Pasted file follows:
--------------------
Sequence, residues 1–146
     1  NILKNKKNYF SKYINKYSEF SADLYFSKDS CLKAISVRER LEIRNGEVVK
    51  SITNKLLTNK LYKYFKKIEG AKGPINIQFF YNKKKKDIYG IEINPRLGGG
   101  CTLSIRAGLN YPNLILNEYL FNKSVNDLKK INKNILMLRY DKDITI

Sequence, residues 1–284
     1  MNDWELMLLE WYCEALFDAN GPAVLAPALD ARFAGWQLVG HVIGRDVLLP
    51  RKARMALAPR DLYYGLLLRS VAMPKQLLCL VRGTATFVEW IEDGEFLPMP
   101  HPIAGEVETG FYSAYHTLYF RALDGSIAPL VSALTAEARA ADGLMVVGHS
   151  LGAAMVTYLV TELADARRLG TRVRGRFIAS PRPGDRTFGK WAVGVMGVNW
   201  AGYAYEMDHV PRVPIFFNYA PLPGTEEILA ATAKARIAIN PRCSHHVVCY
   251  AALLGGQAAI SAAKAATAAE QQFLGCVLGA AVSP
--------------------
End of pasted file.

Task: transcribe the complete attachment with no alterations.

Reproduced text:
Sequence, residues 1–146
     1  NILKNKKNYF SKYINKYSEF SADLYFSKDS CLKAISVRER LEIRNGEVVK
    51  SITNKLLTNK LYKYFKKIEG AKGPINIQFF YNKKKKDIYG IEINPRLGGG
   101  CTLSIRAGLN YPNLILNEYL FNKSVNDLKK INKNILMLRY DKDITI

Sequence, residues 1–284
     1  MNDWELMLLE WYCEALFDAN GPAVLAPALD ARFAGWQLVG HVIGRDVLLP
    51  RKARMALAPR DLYYGLLLRS VAMPKQLLCL VRGTATFVEW IEDGEFLPMP
   101  HPIAGEVETG FYSAYHTLYF RALDGSIAPL VSALTAEARA ADGLMVVGHS
   151  LGAAMVTYLV TELADARRLG TRVRGRFIAS PRPGDRTFGK WAVGVMGVNW
   201  AGYAYEMDHV PRVPIFFNYA PLPGTEEILA ATAKARIAIN PRCSHHVVCY
   251  AALLGGQAAI SAAKAATAAE QQFLGCVLGA AVSP